Common diseases - Leptospirosis
What is leptospirosis?
Leptospirosis is a disease caused by a bacteria named Leptospira interrogans. This bacteria can survive a long time in the exterior environment when conditions are favourable. Leptospirosis survives well in a damp and warm environment, particularly in stagnant water. This is why the disease incidence among dogs is higher at the end of summer and in the fall.
Leptospirosis is found in the environment following contamination by wild animal urine. Many animal species can be a source of leptospirosis: among these are rats, skunks, raccoons, mice and more rarely cows, pigs and dogs.
How can my dog catch leptospirosis?
The dog gets infected by direct contact or by ingestion of contaminated water. It is particularly important to watch out for stagnant water areas which can be a potential source of leptospirosis. It can also get infected by direct or indirect contact with infected urine or with soil, food or contaminated objects (bowls, toys, etc.).
How can leptospirosis affect my dog?
Once the dog has ingested the bacteria, it enters the blood where it quickly multiplies. It can then reach many organs, among these are the kidneys, the liver, the spleen and more rarely the nervous system, the eyes and the genital tract.
What are the clinical signs (symptoms) that my dog can show?
The clinical signs more frequently observed are :
- Increase in thirst and the amount of urine
- Difficulty moving
These clinical signs are not particularly specific to this disease. That is why, when in doubt, the veterinarian will have to do diagnostic tests on the dog in order to make a more precise diagnosis.
How can leptospirosis be diagnosed?
Many tests will be necessary in order to assess the situation correctly and to identify problems that can exist (renal and hepatic insufficiency and coagulation problems).
Blood tests, X-rays and abdominal ultrasonography can help in the diagnosis and identification of affected organs.
The final diagnosis can be made by measuring the level of antibodies (serology) against the leptospire in the blood. Unfortunately, the level of antibodies in the blood can take 1 to 2 weeks before going up; this can delay the final diagnosis. Therefore, it is not rare that treatment be recommended even before the final diagnosis has been known. Since leptospirosis is a potentially fatal disease that can have serious consequences (renal and hepatic) if it is not treated quickly and aggressively, the veterinarian will rarely take the chance to wait for serology results to begin treatment.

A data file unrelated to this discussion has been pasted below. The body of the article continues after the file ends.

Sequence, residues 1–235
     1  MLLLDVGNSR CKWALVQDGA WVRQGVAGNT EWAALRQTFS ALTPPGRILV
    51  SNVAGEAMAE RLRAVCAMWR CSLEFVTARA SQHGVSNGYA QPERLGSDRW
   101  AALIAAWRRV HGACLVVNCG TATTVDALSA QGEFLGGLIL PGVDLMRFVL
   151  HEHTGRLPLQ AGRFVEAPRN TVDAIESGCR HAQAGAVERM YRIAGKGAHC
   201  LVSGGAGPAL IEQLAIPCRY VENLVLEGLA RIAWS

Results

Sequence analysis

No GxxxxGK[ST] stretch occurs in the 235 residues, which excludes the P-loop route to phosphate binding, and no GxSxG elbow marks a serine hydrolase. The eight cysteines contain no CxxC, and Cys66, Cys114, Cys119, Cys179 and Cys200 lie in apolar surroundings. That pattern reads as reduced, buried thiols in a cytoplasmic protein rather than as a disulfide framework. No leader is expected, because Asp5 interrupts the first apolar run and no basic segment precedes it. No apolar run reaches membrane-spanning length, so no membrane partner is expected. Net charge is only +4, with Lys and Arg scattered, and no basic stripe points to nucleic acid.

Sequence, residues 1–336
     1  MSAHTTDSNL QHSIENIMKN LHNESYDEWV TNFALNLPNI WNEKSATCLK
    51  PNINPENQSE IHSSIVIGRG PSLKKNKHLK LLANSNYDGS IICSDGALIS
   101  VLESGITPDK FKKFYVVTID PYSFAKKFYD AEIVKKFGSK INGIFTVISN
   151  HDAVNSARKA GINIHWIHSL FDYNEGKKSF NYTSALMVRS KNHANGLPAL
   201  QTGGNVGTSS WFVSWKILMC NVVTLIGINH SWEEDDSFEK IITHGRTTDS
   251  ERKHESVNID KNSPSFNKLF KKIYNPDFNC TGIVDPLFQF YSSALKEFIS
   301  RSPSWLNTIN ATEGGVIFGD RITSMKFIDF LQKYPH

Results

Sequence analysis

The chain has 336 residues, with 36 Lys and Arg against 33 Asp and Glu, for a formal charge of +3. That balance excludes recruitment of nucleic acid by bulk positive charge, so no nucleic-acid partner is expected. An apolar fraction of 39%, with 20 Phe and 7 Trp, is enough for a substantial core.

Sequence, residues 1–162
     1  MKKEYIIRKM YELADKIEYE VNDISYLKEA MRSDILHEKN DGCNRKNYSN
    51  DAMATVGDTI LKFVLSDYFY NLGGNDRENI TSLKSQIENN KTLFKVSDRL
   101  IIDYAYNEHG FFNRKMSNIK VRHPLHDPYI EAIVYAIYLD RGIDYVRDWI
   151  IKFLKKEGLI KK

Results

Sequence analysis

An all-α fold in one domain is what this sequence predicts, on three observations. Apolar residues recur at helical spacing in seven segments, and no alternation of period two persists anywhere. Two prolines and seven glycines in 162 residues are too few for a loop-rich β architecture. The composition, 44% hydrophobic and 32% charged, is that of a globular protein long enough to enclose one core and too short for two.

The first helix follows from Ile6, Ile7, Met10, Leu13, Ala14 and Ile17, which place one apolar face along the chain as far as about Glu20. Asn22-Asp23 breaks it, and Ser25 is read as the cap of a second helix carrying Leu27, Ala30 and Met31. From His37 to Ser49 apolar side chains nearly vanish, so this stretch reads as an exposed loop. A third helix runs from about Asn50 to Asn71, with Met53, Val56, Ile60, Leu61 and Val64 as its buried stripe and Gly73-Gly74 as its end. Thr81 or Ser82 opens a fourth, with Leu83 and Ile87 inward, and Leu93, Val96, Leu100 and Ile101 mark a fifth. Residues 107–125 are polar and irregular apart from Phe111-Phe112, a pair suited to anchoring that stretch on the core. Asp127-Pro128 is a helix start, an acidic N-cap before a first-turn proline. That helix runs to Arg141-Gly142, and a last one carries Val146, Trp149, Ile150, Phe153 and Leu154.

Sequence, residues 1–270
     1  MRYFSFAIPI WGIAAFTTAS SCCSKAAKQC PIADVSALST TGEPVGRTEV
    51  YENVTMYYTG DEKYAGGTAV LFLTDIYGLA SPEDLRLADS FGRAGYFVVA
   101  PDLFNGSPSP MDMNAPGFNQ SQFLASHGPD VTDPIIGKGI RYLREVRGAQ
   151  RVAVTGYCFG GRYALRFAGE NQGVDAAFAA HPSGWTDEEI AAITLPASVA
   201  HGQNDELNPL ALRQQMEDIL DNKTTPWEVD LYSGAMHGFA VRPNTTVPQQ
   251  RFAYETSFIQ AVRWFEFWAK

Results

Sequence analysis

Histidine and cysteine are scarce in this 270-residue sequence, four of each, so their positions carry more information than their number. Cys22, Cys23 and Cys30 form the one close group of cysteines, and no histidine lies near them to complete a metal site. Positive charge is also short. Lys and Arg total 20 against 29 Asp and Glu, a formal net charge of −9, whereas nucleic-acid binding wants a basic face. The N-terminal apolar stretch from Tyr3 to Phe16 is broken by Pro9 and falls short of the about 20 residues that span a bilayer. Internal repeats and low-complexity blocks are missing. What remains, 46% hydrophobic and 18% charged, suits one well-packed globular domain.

Is there a treatment against leptospirosis?
Leptospirosis can be treated efficiently if treatment starts early. Hospitalization is always required, for several days in some cases.
Intravenous antibiotics and intravenous fluids are necessary to minimize kidney repercussions. If renal insufficiency is detected at the time of the exam, other treatments will be necessary, sometimes up to dialysis.
It is possible to cure a dog suffering from leptospirosis if treatment is started quickly. However, in some cases, damage to the dog's kidneys or liver could happen. Some dogs may also die during treatment even with all the efforts that were made. This happens when the renal or hepatic (liver) damage is too severe at the time of diagnosis.
Leptospirosis is therefore a disease that must be taken very seriously and that must be treated early and aggressively to get the best chances of survival.
Prevention and small history of vaccination
Fortunately, since a couple of years, there is a vaccine against leptospirosis. The vaccine is effective in preventing the disease and it must be given once a year since the immunity does not last more than 12 months.
There are many different vaccine strains against leptospira interrogans. They all have their own name. They are of the same family but have small differences. Consequently, the presence of antibodies against one strain will not protect the dog if it is infected by a different strain. In Québec, the main strains implicated in infection cases are: pomona, bratislava, autumnalis and grippothyphosa.
Presently, existing vaccines have the strains that are most frequently found in dog clinical infection cases. However, there is no vaccine that can protect against all existing strains of Leptospira interrogans.
Therefore, it is possible that a vaccinated dog contract the disease if it is infected by a different strain than those that are found in the vaccine received.
In fact, this is what happened at the end of the 1990s. At that time, cases of leptospirosis reappeared. They were caused by "new" strains of leptospira interrogans against which there was no vaccine.
In the 1980s, veterinarians frequently vaccinated against leptospirosis with a vaccine containing the icterohemorragiae and canicola strains. Because the vaccine more frequently caused allergic reactions among dogs and because cases of leptospirosis were becoming extremely rare, it was decided to stop vaccinating against this disease. The disease was well controlled until the end of the 1990s where new cases of leptospirosis reappeared. This time, they were mostly caused by the pomona and gryppothyphosa strains. This is when a new vaccine containing these two "new" strains was developed and veterinarians began to vaccinate all dogs against this disease once again.
Vaccination against this disease is strongly recommended for all dogs no matter if they live in an urban or rural area.
Leptospirosis is a disease that can also affect humans. Zoonosis is the name given to a disease that can be transmitted from animals to humans; leptospirosis is one of these. This is partly why veterinarians put a lot of effort in order to prevent this disease in dogs. This way, indirectly, they better protect humans in contact with dogs.